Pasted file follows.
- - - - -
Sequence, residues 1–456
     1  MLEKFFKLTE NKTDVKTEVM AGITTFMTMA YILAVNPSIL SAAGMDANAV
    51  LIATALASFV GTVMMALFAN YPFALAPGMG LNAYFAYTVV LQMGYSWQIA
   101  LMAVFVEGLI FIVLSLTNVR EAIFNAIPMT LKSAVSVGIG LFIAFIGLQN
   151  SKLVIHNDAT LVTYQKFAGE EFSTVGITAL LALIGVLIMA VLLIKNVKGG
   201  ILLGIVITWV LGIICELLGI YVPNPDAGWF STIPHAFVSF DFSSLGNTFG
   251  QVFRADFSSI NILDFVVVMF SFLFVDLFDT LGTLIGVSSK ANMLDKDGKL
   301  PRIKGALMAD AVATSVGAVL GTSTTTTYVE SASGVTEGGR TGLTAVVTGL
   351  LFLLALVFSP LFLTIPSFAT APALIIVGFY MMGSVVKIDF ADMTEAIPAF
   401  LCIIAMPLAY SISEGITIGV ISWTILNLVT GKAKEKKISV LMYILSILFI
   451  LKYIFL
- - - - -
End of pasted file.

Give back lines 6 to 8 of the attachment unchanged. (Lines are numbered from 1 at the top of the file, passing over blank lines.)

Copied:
   201  ILLGIVITWV LGIICELLGI YVPNPDAGWF STIPHAFVSF DFSSLGNTFG
   251  QVFRADFSSI NILDFVVVMF SFLFVDLFDT LGTLIGVSSK ANMLDKDGKL
   301  PRIKGALMAD AVATSVGAVL GTSTTTTYVE SASGVTEGGR TGLTAVVTGL